Could Senator Torricelli be guilty of lapses of Senate ethics? Sure! Could David Change be lying? Absolutely! Could John Ashcroft's Justice Department be trying to influence an election? You betcha! Would you like to send the lot of them to the Arctic without a parka? Let's do it!
Torricelli has been a problem child for some time. Back in 2000, Torricelli put his hat in the ring for the New Jersey governorship. After a number of prominent Democrats announced they would not support him, Torricelli took his hat back. Although news stories say otherwise, one suspects a number of prominent Democrats had some private words with Torricelli to help him with his decision to withdraw.
The Democrats' next struggle will be to get another candidate on the ticket. The legal deadline for changing candidates has past, and the Republicans are already fighting to keep any other Democrat off the ballot. The Dems are preparing to go to court. According to ABC's The Note:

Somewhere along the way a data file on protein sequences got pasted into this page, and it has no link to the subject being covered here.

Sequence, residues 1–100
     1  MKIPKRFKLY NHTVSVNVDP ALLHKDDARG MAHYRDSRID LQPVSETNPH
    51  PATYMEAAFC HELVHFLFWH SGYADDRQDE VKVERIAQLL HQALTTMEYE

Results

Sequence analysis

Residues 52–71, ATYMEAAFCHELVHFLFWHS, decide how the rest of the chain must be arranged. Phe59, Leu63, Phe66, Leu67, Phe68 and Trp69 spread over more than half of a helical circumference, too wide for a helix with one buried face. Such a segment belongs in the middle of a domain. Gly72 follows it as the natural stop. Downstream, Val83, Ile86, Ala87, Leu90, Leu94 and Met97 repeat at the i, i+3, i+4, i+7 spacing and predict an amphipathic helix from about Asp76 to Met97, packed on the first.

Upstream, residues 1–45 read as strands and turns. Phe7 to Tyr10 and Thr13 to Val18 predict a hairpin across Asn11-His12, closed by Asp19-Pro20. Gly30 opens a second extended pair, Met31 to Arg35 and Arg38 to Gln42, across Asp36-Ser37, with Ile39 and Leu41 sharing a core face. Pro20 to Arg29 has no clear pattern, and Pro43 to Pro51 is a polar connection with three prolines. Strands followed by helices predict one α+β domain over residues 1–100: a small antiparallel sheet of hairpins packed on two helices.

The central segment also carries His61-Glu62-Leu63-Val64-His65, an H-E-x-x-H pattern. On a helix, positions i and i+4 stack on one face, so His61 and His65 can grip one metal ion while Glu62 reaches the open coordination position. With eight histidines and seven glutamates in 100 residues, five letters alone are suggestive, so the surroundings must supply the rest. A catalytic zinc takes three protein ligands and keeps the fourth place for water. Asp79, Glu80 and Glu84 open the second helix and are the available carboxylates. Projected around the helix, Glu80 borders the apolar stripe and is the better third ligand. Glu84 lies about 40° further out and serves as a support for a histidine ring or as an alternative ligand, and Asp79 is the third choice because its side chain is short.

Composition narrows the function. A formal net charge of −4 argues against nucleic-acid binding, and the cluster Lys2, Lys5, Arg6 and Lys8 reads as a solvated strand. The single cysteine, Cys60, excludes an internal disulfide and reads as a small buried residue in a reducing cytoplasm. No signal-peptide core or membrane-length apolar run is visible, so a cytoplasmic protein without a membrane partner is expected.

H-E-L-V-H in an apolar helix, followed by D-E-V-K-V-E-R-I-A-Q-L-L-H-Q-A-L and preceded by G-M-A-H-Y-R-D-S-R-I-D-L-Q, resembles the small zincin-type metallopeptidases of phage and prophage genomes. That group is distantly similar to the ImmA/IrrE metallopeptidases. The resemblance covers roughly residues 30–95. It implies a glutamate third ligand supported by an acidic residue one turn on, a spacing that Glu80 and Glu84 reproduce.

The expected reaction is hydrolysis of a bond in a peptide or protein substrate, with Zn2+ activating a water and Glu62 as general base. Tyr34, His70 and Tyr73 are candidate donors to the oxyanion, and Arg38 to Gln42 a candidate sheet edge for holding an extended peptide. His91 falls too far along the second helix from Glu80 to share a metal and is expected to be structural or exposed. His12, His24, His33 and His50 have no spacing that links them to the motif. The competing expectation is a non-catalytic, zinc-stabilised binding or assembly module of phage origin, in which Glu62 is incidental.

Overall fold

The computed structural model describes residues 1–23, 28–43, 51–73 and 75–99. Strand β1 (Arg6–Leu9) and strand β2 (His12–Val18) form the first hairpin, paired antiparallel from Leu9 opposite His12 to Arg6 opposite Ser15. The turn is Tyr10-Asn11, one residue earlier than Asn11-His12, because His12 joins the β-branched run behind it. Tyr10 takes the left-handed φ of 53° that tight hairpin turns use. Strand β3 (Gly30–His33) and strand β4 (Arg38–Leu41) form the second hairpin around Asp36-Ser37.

McGreevey and Torricelli, judging from their morning show appearances, seem confident that this can be resolved quickly with one-stop shopping at the New Jersey Supreme Court, now conveniently controlled by Democrats.
But the New York Times says this is destined for the US Supreme Court, and you can rest assured that Doctor/Senator Frist of the NRSC will take it to the SCOTUS and The Hague if necessary to stop this from happening.
Since the New Jersey Supreme Court is controlled by Democrats, given that it's New Jersey, well, we could imagine an associate of the Governor faxing over to the court a draft of the opinion they will be expected to issue quickly.